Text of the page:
A study conducted earlier this year shows there may be a way to reduce the number of Covid infections on board commercial airplanes to virtually zero.
Results of the study appeared in a peer-reviewed article published on Sept. 1 in the Mayo Clinic Proceedings medical journal. The article — a joint effort by Mayo Clinic, the Georgia Department of Public Health and Delta Air Lines — showed that that one polymerase chain reaction (PCR) test performed within 72 hours of flying decreased the rate of infected travelers onboard to 0.05%. That's five people for every 10,000 passengers.
At the time of the study, the rate of infection in the U.S. was 1.1% — or about 1 in every 100 people.
The findings analyzed data from Delta's preflight testing program which ran from December 2020 to May 2021.
Here's how Delta's testing program worked: Passengers on select flights from New York City and Atlanta could fly to Italy, without having to quarantine upon arriving, if they tested negative for Covid-19 via a PCR test within 72 hours before the flight, a rapid antigen test prior to departure, and a rapid antigen test upon landing.
Of the 9,853 people who tested negative via the PCR test, four tested positive at the airport via rapid antigen tests. The diagnoses were confirmed via a rapid molecular test, and these people were not allowed to fly.
Of the passengers who flew to Italy, one tested positive upon landing.
This translates to one case detection per 1,970 travelers "during a time of high prevalence of active infection in the United States," according to the article.
"That's a pretty darn low number," said Dr. Aaron J. Tande, the lead author of the article and an infectious disease specialist at Mayo Clinic in Rochester, Minnesota.
The study suggests one PCR test within three days of flying renders subsequent testing at the airport largely unnecessary, especially when combined with onboard masking requirements and increasing vaccination rates among flyers.
The journal article mentions several "limitations" which may have affected the study's results, including the role preflight tests had on traveler behavior. Participants with suspected Covid infections may have chosen not to travel. Others may have been more diligent about wearing masks and self-isolating knowing that they had to test negative in order to fly, said Tande.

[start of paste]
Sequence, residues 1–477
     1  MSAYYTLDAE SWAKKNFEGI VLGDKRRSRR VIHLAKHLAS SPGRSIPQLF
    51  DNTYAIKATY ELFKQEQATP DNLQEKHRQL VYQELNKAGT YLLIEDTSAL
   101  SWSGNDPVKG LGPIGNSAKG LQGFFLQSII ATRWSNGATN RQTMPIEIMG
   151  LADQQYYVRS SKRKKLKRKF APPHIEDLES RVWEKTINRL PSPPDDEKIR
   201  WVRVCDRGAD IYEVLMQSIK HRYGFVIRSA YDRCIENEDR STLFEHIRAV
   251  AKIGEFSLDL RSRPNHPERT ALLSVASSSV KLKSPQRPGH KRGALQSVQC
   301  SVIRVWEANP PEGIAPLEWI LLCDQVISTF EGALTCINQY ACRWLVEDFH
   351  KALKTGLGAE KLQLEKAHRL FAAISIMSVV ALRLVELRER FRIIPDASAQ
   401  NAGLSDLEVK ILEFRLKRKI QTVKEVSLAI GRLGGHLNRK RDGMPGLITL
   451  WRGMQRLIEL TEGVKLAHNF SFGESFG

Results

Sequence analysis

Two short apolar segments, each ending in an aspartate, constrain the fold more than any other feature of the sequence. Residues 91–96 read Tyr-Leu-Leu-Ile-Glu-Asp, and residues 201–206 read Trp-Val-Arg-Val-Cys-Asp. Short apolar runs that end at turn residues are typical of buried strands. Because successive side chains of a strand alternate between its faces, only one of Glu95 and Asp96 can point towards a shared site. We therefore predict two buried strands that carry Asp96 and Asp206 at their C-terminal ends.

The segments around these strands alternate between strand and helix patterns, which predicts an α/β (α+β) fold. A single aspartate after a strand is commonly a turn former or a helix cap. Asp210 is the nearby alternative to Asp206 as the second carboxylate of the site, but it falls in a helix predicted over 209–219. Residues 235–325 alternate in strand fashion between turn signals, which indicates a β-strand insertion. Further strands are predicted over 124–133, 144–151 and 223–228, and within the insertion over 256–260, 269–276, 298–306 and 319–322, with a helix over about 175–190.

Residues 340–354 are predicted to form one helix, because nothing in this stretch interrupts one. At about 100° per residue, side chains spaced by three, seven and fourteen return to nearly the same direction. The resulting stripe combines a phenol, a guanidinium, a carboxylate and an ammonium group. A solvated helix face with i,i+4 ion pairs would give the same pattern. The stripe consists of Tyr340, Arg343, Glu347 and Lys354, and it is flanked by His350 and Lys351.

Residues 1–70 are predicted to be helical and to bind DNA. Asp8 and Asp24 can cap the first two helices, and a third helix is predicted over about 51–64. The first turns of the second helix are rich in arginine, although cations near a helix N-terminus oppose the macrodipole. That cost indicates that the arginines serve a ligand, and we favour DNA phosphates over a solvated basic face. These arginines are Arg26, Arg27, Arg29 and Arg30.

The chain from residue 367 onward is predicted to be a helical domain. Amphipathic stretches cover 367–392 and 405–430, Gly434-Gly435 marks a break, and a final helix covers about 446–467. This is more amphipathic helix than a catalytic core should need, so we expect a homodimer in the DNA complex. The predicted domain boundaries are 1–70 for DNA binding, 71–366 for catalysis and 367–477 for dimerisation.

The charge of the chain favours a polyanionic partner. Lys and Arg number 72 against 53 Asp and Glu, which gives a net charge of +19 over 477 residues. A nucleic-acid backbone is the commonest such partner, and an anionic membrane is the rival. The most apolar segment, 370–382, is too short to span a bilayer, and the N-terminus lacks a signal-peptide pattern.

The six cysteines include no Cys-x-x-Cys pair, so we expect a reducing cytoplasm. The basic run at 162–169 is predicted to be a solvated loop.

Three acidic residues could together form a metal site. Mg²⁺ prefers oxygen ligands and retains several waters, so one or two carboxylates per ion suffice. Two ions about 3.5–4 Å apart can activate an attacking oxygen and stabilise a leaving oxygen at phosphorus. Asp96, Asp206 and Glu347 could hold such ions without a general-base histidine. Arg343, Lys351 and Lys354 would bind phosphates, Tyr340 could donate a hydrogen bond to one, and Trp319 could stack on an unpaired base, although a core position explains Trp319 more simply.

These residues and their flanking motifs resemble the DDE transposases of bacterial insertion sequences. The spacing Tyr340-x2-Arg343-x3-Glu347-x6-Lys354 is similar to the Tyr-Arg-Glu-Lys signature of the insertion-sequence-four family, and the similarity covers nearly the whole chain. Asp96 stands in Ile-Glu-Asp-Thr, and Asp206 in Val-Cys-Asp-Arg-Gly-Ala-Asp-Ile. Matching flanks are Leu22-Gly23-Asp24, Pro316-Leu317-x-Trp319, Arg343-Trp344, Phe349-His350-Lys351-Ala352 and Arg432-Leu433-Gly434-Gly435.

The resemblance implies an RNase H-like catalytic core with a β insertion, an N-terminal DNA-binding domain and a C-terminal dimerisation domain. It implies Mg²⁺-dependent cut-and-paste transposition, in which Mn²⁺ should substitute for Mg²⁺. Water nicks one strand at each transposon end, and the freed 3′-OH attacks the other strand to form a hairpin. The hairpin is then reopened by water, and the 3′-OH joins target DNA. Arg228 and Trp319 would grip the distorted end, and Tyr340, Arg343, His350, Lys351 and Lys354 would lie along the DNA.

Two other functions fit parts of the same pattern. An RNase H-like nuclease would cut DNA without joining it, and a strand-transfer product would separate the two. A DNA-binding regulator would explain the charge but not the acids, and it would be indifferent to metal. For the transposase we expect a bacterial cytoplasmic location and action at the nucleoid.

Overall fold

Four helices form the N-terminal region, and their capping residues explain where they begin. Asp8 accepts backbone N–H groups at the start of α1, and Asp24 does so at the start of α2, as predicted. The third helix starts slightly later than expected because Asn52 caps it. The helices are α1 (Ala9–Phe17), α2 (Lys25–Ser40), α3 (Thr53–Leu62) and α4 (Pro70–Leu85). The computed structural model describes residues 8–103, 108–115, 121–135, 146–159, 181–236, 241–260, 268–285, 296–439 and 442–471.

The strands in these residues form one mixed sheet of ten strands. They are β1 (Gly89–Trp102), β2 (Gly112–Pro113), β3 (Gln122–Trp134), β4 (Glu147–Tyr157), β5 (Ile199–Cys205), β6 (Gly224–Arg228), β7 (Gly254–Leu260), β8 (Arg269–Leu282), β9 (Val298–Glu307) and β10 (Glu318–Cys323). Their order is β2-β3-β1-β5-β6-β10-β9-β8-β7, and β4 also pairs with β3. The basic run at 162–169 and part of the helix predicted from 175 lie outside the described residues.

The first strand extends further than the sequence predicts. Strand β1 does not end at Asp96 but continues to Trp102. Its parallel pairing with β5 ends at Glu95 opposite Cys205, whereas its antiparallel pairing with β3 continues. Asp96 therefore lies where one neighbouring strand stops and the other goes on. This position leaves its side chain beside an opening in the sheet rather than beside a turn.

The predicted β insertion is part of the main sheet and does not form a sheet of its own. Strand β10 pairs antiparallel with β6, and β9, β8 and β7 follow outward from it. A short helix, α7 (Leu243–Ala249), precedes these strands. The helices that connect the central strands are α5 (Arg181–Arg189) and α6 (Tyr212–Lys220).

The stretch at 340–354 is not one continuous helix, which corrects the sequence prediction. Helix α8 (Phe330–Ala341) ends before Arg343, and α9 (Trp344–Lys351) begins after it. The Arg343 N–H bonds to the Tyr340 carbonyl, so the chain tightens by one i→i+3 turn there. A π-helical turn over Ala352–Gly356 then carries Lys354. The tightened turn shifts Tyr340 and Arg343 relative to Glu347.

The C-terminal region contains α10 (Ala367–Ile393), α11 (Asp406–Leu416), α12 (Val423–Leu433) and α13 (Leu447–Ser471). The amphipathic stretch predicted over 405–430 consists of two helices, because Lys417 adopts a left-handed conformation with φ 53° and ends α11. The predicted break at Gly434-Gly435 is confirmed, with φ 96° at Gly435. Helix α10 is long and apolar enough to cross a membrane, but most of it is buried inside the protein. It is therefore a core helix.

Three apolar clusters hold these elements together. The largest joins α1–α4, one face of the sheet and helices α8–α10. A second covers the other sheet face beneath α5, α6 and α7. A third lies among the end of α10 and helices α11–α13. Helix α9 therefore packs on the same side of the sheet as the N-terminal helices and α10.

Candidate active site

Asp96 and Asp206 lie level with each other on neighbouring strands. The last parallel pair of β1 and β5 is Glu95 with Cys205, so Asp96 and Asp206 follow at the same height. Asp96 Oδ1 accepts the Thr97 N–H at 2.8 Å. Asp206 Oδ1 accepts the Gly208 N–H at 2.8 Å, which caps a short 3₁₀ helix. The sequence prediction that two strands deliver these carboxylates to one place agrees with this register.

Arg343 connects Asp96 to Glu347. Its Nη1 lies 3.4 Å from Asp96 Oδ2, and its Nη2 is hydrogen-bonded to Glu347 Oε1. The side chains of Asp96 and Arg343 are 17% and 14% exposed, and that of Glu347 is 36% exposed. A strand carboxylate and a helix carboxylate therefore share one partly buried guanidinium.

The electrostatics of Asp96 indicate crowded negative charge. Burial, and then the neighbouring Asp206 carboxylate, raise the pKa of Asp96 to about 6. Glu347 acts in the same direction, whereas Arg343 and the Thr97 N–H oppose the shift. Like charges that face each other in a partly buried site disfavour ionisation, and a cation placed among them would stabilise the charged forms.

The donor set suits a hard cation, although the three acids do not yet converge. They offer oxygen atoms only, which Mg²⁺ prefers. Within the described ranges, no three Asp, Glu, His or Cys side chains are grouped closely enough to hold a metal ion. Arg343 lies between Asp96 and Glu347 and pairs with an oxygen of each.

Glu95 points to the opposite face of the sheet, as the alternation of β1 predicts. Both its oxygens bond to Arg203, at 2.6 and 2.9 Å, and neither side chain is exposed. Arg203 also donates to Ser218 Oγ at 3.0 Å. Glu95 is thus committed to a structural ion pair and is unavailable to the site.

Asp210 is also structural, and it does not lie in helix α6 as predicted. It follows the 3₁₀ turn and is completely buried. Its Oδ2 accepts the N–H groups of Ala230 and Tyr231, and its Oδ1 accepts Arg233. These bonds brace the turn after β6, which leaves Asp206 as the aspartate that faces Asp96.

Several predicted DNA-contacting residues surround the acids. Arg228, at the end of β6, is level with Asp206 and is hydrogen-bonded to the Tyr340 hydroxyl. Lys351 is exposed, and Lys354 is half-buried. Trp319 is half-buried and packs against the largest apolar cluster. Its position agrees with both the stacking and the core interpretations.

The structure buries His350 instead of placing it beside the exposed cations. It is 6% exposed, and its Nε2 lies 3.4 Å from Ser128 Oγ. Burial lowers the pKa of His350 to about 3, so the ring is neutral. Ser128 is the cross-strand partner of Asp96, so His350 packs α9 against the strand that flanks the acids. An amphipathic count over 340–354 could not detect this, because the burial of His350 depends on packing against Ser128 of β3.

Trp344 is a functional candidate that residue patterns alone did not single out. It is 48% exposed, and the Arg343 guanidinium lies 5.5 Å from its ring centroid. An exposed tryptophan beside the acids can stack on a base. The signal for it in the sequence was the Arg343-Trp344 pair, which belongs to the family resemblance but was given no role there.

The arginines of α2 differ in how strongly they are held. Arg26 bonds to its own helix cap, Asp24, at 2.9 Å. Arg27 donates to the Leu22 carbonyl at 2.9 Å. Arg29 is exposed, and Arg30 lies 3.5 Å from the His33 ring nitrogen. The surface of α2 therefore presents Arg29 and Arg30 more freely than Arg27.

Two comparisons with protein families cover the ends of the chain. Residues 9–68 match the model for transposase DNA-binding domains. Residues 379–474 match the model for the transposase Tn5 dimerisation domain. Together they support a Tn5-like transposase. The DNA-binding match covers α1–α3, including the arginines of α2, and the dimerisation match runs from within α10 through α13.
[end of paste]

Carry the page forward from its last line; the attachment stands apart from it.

"I can't say that that's what made the number of tests that were positive so low — or was it truly that the 72-hour test was so good," he told CNBC. "But … the end result is that it's a safer flight for people, and that's what we want."
Tande said that the findings are based on the Covid-19 strains that were circulating in the United States in the first half of 2021, not the more contagious delta variant that dominates now.
"I don't think that you could say that if you repeated the study now — with a different rate of community infection and a different virus — that you would get exactly the same result," he told CNBC. "I think you would see a significant decrease in the rate of infection on board" when compared to not testing at all.
The pilot program considered five testing strategies, two of which may have detected even more infected flyers.
For example, a single rapid molecular test at the airport may have found more infections because it minimizes the time between testing and flying, and thus could catch infections which occur during that time. Adding on a 72-hour PCR preflight test would likely find even more, according to the study.
However, one preflight PCR test is the "better approach" because it is more feasible, said Tande. PCR tests are widely available, more "sensitive" — meaning they are better at detecting positive cases – and they take the logistics of testing out of airports, he said. Advance testing also gives infected travelers time to reorganize their plans, rather than surprising them just before their flights depart.
Preflight PCR tests may make flying safer, but most passengers are flying now without one. And airlines are tight-lipped about mandating them in the future.
However, testing could become a de facto rule on international flights if arrival countries require them for passengers to enter. A spokesperson for Delta Air Lines declined to say whether it would mandate testing for its passengers but said that "each country's government is responsible for establishing their own requirements."
Tande said he would feel safer taking a flight that required passengers to pass preflight PCR tests. Yet, if given the choice, he said he preferred a vaccination-only flight more.
"I would definitely go for the vaccinated flight — and (I'd) mask up," he said.
Qantas CEO Alan Joyce said last week that passengers will be required to be vaccinated on its international flights, according to news.com.au. U.S. officials are currently debating whether to require vaccinations to fly both domestically and internationally, as reported this week by The Washington Post.
"Unfortunately, because of vaccination attitudes, Covid is going be with us for a long time," said Tande. "With ongoing masking and testing before flying … we can improve safety so that we can continue to sort of function as a normal society."
Clarification: This article has been updated to clarify Dr. Tande's views on likely results of repeat studies.